Politics, Technology, and Language

If thought corrupts language, language can also corrupt thought — George Orwell

Gender, power, and the presidency

Posted by metaphorical on 5 October 2008

It’s impossible to understand John McCain’s selection of Sarah Palin in political terms, so we’re forced to turn to psychology – just as we are when trying to understand the presidency of George Bush.

If you think about it, in traditional gender-role terms, the vice presidency is a kind of feminized version of the presidency – its external functions are largely ceremonial, while its only power is internal and domestic – almost literally inside the House. For a misogynist like John McCain, Sarah Palin is the perfect personification of this role – as was Al Gore, who, with his concern for the environment was never manly enough for the American voter; as was the castrated Bush 41, who was bullied into endorsing Reagonomics soon after calling it “voodoo economics”; as was Bush’s own tow-haired boy-toy, Dan Quayle. (One of Dukakis’s many, many problems was that Lloyd Bensen was far more presidential – more masculine – than he was.)

The current Bush’s main failings – the events for which he will go down in history as America’s worst president ever – stem from his own late-to-light feminine submissiveness. In Freudian terms, Bush, like most men, was forced to symbolically kill his father in order to complete his own maturation. He did so only imperfectly, however, in the process replacing Pere Bush with other powerful men who mentored him. These are the men who bailed Bush out of one bad business after another, set him up at the Texas Rangers and then stuffed money into his pockets by subsequently overpaying him for his share. Dick Cheney – the most powerful vice president in history and the most atypical one ever – is the latest in a long line of older, powerful men to whom Bush cannot say no.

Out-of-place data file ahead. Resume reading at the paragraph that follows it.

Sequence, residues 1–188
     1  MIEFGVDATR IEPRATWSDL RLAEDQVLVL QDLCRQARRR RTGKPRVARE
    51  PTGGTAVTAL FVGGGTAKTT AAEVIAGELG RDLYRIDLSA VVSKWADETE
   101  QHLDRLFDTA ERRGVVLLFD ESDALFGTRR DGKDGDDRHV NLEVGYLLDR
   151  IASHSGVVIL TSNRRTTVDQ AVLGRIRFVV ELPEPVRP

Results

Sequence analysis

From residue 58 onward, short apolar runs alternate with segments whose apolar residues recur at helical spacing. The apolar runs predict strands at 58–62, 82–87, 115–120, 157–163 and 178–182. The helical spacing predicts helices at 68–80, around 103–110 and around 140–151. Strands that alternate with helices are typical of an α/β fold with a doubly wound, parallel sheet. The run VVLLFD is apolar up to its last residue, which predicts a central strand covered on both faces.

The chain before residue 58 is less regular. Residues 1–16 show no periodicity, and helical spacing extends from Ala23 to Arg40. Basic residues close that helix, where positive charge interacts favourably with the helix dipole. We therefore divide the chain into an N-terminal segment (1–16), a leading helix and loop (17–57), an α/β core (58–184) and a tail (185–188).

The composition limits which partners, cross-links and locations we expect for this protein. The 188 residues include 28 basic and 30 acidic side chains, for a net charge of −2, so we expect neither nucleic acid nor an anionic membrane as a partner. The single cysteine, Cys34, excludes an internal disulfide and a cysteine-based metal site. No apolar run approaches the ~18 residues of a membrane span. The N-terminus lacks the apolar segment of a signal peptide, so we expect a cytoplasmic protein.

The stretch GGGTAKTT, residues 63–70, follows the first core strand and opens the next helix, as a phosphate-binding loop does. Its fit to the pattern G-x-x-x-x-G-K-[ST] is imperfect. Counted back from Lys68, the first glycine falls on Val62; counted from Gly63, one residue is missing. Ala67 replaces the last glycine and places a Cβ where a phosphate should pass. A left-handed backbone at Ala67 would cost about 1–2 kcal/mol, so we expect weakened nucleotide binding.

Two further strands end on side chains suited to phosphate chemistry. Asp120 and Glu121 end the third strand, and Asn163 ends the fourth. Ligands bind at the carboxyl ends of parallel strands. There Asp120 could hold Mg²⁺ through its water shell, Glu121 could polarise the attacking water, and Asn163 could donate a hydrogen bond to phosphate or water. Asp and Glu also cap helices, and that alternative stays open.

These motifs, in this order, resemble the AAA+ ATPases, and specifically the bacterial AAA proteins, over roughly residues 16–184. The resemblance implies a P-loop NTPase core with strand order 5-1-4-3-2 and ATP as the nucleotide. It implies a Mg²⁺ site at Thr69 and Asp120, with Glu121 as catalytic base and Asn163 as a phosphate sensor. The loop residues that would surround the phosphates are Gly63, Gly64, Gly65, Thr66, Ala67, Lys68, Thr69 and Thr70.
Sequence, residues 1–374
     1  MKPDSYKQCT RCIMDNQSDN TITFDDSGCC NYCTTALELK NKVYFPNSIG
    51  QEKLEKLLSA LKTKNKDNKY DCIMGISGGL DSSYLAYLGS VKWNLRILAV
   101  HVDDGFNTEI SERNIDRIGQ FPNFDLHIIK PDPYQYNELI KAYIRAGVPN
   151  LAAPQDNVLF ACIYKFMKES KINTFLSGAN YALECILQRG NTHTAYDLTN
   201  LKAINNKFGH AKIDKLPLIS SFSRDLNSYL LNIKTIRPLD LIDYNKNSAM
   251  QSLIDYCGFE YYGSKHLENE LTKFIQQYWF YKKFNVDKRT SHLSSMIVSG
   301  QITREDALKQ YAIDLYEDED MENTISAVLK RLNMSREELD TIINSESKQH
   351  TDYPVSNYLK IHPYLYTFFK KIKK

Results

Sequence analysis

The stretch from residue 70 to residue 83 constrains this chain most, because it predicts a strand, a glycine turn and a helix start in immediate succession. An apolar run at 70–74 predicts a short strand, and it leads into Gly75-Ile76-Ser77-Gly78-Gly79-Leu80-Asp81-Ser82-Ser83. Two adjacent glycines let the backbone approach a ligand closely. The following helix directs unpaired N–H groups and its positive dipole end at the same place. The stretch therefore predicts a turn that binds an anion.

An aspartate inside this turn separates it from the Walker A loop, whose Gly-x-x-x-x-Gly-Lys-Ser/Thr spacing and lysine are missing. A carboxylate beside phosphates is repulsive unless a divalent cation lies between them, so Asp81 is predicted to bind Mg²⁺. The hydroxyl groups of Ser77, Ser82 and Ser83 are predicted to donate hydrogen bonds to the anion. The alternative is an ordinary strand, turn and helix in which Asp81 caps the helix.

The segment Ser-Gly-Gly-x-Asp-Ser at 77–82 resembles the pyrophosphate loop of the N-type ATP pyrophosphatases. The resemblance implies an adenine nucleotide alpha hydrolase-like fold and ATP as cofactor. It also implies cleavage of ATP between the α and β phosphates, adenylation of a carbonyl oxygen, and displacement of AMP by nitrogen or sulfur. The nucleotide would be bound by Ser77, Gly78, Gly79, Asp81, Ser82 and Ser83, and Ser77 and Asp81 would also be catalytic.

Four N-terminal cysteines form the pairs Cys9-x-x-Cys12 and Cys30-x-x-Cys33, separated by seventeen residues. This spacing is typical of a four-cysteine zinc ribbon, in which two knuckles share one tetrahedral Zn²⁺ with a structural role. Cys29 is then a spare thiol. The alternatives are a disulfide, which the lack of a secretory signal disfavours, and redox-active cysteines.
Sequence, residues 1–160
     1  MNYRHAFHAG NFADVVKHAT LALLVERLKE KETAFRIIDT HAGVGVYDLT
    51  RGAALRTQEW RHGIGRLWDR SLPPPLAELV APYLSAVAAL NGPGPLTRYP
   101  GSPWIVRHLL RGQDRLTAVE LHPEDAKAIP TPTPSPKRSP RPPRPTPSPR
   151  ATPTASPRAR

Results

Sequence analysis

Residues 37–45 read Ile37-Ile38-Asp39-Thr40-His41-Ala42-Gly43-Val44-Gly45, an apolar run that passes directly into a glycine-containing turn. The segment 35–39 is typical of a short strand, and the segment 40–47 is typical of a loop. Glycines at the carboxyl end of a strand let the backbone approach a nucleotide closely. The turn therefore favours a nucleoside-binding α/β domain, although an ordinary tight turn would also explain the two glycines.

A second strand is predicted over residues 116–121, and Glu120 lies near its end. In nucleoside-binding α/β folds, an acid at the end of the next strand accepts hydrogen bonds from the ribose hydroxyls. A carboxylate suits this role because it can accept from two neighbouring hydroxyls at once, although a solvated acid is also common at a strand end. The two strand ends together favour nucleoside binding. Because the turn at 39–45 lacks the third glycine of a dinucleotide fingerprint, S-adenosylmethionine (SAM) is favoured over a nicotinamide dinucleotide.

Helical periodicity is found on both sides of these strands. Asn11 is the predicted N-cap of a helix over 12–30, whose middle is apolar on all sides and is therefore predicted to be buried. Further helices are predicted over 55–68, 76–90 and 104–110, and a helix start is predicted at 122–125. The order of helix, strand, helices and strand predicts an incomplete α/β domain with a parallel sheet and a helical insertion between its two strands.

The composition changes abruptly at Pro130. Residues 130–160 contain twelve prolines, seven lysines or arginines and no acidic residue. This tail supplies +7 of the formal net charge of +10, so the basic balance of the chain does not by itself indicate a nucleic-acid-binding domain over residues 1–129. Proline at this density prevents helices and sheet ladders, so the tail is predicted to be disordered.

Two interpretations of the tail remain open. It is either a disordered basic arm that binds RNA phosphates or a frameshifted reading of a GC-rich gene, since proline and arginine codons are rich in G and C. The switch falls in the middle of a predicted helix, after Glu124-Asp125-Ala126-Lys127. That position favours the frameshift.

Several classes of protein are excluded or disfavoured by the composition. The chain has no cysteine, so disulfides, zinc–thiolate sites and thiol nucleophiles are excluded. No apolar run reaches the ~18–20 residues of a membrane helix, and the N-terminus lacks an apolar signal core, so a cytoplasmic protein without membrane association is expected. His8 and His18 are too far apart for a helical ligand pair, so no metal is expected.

Is it a coincidence that Carol McCain is a former model, Cindy McCain a former rodeo queen, and Sarah Palin is a former beauty pageant contestant? It’s a commonplace that womanizers are misogynists, and McCain the womanizer – a man who could dump his first wife, saying that after her car accident she was no longer the woman he had married, a man who could call Wife # 2 a cunt – would obviously feel most comfortable with a vice president modeled after the feminine women he has surrounded himself with his whole life.

2 Responses to “Gender, power, and the presidency”

  1. digglahhh said

    Let’s not overreact here, Meta. Any bitch who marries herself a John McCain quite likely deserves to be called a cunt…

  2. JoAnne said

    “Any bitch who marries herself a John McCain quite likely deserves to be called a cunt…”

    Uh, except for the misogyny in calling anyone a bitch or a cunt.

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